# Commensurability of Squares on Proportional Straight Lines

## Theorem

In the words of Euclid:

*If two straight lines be proportional, and the square on the first be greater than the square on the second by the square on a straight line commensurable with the first, the square on the third will also be greater than the square on the fourth by the square on a straight line commensurable with the third.*

And, if the square on the first be greater than the square on the second by the square on a straight line incommensurable with the first, the square on the third will also be greater than the square on the fourth by the square on a straight line incommensurable with the third.

(*The Elements*: Book $\text{X}$: Proposition $14$)

### Lemma

In the words of Euclid:

*Given two unequal straight lines, to find by what square the square on the greater is greater than the square on the less.*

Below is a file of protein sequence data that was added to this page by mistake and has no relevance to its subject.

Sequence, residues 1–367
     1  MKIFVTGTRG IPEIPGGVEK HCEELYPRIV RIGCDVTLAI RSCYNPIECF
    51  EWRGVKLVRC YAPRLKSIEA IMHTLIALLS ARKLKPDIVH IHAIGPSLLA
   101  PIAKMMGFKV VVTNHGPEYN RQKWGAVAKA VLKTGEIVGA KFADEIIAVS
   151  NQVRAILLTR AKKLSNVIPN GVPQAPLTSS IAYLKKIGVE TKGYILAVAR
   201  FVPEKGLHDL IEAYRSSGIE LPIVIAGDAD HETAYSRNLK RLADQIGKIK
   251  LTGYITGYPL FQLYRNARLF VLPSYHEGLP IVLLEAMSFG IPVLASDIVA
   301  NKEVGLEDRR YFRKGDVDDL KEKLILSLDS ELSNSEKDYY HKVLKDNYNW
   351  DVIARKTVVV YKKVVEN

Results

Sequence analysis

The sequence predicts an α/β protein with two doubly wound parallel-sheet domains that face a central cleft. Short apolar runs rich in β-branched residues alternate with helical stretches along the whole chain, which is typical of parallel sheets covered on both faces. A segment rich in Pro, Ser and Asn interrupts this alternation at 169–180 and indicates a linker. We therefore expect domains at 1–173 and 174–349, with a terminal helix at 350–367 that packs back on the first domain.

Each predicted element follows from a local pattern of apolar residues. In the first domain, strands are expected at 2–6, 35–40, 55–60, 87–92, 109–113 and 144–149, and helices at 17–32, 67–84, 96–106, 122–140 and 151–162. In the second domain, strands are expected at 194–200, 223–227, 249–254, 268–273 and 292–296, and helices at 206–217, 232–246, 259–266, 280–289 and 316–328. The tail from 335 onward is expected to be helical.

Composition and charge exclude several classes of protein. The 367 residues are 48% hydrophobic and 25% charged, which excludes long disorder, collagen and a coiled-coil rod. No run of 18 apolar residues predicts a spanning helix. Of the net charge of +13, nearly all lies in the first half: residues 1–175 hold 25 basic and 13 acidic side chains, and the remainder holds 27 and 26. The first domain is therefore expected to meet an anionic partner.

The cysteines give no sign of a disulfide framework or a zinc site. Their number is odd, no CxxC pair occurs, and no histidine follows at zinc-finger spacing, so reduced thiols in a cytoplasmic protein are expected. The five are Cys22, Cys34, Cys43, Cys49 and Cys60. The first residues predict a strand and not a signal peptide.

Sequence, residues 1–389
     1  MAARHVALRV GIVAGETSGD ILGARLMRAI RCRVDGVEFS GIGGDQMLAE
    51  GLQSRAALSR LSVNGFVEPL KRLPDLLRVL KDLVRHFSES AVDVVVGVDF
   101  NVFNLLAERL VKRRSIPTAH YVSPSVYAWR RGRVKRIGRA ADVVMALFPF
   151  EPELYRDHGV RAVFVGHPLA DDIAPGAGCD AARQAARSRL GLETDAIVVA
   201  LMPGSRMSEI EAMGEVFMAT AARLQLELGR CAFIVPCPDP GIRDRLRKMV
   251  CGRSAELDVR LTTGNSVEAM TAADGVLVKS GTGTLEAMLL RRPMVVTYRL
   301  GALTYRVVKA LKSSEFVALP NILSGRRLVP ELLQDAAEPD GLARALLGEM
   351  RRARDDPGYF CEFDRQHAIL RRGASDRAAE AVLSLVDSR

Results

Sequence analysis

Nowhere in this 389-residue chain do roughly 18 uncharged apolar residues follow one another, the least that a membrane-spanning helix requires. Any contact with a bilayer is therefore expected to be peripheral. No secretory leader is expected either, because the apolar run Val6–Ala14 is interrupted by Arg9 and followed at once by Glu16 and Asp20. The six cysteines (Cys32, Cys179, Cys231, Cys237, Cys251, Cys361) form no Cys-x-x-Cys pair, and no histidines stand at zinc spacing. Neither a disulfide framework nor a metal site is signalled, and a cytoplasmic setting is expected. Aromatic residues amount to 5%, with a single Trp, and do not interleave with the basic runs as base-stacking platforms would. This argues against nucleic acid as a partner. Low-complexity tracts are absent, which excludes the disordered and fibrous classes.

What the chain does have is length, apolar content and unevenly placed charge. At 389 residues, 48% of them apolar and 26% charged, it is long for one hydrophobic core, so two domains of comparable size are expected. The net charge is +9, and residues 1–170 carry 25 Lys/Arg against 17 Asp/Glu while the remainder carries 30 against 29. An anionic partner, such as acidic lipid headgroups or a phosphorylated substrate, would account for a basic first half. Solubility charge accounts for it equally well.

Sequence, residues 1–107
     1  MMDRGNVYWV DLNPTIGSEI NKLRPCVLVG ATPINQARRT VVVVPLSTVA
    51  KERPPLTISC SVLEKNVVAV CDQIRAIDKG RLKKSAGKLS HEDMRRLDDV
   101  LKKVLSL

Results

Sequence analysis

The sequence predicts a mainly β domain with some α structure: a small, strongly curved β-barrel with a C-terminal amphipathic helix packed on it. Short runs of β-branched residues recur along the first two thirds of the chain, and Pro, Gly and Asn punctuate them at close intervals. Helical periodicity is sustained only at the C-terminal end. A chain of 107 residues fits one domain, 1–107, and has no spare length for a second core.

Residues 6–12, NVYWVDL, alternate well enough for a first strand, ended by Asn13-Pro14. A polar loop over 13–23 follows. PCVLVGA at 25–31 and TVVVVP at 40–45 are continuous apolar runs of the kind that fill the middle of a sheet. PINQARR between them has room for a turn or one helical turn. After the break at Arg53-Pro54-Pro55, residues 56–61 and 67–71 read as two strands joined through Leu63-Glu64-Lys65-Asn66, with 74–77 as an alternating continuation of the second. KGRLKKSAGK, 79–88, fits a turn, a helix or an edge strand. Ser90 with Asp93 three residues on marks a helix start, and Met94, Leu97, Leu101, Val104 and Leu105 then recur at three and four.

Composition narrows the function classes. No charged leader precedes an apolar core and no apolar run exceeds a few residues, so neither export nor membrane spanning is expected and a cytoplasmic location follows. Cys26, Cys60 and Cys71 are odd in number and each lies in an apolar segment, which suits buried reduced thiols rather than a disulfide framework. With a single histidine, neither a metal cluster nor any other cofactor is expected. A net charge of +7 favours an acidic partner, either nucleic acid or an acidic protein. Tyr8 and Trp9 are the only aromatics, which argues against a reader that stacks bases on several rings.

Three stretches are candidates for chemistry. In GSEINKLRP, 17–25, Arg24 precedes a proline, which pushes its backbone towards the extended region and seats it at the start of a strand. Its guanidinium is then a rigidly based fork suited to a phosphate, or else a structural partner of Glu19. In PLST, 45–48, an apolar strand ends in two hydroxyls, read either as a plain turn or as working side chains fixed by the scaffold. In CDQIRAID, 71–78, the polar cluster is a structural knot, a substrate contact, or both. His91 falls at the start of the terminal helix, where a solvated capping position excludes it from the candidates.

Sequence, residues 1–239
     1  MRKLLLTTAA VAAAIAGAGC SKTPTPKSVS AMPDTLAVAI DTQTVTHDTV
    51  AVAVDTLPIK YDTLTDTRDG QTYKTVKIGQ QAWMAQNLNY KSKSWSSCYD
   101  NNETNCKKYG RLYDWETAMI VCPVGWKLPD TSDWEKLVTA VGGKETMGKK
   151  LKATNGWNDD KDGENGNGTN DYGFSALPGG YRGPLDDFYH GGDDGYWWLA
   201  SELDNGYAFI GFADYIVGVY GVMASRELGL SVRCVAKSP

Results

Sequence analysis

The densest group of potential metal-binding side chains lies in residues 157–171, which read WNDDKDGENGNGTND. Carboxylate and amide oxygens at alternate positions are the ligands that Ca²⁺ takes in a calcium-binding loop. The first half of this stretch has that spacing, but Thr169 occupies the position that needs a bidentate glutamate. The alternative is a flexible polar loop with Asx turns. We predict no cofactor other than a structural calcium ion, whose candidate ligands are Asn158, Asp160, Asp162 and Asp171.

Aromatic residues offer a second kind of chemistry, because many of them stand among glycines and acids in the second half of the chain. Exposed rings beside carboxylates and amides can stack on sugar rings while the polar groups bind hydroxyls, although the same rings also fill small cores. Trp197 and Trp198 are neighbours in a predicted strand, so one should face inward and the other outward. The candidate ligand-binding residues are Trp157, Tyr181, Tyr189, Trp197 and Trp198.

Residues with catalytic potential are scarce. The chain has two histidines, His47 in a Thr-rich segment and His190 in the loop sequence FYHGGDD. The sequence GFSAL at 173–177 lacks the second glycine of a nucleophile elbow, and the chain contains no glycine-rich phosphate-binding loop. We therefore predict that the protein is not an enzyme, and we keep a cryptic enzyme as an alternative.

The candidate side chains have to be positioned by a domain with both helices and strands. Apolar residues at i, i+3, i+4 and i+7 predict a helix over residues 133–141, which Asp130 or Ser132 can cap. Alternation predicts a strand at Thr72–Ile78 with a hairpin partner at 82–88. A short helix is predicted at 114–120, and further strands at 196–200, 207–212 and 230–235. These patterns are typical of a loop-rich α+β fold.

(*The Elements*: Book $\text{X}$: Proposition $14$ : Lemma)

## Proof

Let $A$, $B$, $C$ and $D$ be four straight lines in proportion, such that:

- $A : B = C : D$

Using the lemma let the straight lines $E$ and $F$ be found such that:

- $A^2 = B^2 + E^2$
- $C^2 = D^2 + F^2$

As $A : B = C : D$ it follows from Similar Figures on Proportional Straight Lines that:

- $A^2 : B^2 = C^2 : D^2$

But:

- $E^2 + B^2 = A^2$
- $F^2 + D^2 = C^2$

Therefore:

- $E^2 + B^2 : B^2 = F^2 + D^2 : D^2$

and so by Magnitudes Proportional Compounded are Proportional Separated:

- $E^2 : B^2 = F^2 : D^2$

By Similar Figures on Proportional Straight Lines:

- $B : E = D : F$

But:

- $A : B = C : D$

Therefore from Equality of Ratios Ex Aequali:

- $A : E = C : F$

From Commensurability of Elements of Proportional Magnitudes it follows that:

- if $A$ is commensurable with $E$ then $C$ is also commensurable with $F$

and:

- if $A$ is incommensurable with $E$ then $C$ is also incommensurable with $F$.

$\blacksquare$

## Historical Note

This proof is Proposition $14$ of Book $\text{X}$ of Euclid's *The Elements*.

## Sources

- 1926: Sir Thomas L. Heath:
*Euclid: The Thirteen Books of The Elements: Volume 3*(2nd ed.) ... (previous) ... (next): Book $\text{X}$. Propositions